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What is Data Execution Prevention and How Does It Protect Your Computer

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  • This Document was created from the Discussion thread by EvilDave*



One thing to make sure of on any (newer) PC that has a CPU that supports it in hardware.

_Turn 'Data Execution Protection' ON._

In Windows, it is only turned on for Windows parts by default, not for other applications.

This 'fixes' so many security issues, known, unknown and hypothetical that you'd be a fool to turn it off (or leave it off).

Control Panel->System->Advanced Tab->Performance/Settings button, then pick the 'Data Execution Prevention' tab and make sure the radio button for "Tun on DEP for all programs and services except those I select:' is selected.

In Vista, an extra pop-up comes up between you and the 'System Properties' dialog. Pick 'Advanced System Settings'. and carry on with Performance/Settings.

The dialog may or may not have a little blurb that says whether your hardware supports DEP natively or not. If it does not say there is hardware support, try it out anyway, but you may notice your computer runs very slowly afterwards, as emulating DEP is time consuming. If this is 'too slow', you will probably want to set it back to only checking Windows parts and consider shopping for a computer that does support DEP in the future.

It's possible a new CPU will do it on your motherboard, but determining that is beyond the scope of this article. In general, if your machine is a recent Intel 'Dual Core' or AMD CPU, it probably supports native DEP.

You will have to reboot if you changed this.

Next what you'll need to do is try out some of your most used software while this is fresh in your mind. If it now crashes out of the blue, there is probably a bug in the software that's incompatible with DEP (typically executing code in non-executable memory). You can add it to the exceptions in that box in the DEP window, or you can check for an update or stop using that software.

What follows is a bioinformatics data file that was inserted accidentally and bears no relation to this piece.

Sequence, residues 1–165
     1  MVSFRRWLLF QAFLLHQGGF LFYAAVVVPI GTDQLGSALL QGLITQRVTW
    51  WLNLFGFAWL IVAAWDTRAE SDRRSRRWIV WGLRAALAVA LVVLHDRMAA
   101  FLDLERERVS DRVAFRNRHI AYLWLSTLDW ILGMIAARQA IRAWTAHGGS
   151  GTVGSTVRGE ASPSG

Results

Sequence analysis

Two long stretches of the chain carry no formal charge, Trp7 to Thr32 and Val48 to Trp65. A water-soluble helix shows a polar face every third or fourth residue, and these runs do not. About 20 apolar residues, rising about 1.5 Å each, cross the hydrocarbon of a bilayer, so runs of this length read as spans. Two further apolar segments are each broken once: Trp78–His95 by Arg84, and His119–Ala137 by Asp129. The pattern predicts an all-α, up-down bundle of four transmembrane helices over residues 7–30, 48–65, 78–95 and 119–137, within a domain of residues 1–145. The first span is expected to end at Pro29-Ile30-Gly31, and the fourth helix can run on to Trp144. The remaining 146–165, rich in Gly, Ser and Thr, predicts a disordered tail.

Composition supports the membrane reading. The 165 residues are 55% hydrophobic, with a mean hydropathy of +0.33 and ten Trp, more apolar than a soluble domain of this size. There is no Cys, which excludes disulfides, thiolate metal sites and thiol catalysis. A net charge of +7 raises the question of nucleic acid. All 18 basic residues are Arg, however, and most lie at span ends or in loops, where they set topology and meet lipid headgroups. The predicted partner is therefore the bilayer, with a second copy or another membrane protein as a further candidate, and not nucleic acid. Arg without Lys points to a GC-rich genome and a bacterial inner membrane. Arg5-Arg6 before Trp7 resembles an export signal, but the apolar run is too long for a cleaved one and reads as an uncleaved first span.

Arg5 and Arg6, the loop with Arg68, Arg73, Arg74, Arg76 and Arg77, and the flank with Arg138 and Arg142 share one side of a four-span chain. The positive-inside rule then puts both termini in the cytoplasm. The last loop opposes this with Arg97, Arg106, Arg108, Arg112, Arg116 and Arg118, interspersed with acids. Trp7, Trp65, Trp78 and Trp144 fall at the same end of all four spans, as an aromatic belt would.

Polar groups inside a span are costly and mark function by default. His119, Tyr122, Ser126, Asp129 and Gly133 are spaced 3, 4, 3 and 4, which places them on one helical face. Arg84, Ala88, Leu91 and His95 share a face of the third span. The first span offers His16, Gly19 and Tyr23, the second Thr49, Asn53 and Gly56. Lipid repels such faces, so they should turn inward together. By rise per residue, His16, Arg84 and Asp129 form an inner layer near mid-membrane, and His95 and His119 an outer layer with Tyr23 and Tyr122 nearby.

What 'DEP' is, is a 'security' measure applied to RAM in your computer. The CPU keeps track of places that should contain executable code as 'executable', and doesn't mark things like application allocated memory, stack, pictures, interpreter opcodes, etc. as 'executable'. If some bit of native code branches into non-executable memory, the CPU will raise an exception, and the OS will catch it, and the software will 'crash'.

What using DEP across the board does is 'cure' pretty much every form of native stack overflow and stack underflow security exploit that grabs control of your PC. If DEP had been running from the beginning on everyone's machine, there never would have been media files that could install malware of any kind, and quite a large variety of common exploits never would have worked. As it is, you can protect yourself from quite a lot of nasty business in the future.

This doesn't cure EVERYTHING. It just makes it less likely that things can take off on their own without some sort of 'security' warning popping up to ask whether you WANT TO install or run something. The answer to that is always "NO", unless you deliberately set out to install or run something, and you know exactly what it is.

For more information about 'DEP'... http://en.wikipedia.org/wiki/Data_Execution_Prevention http://support.microsoft.com/kb/875352 http://en.wikipedia.org/wiki/NX_bit

This document was generated from the following thread: thread

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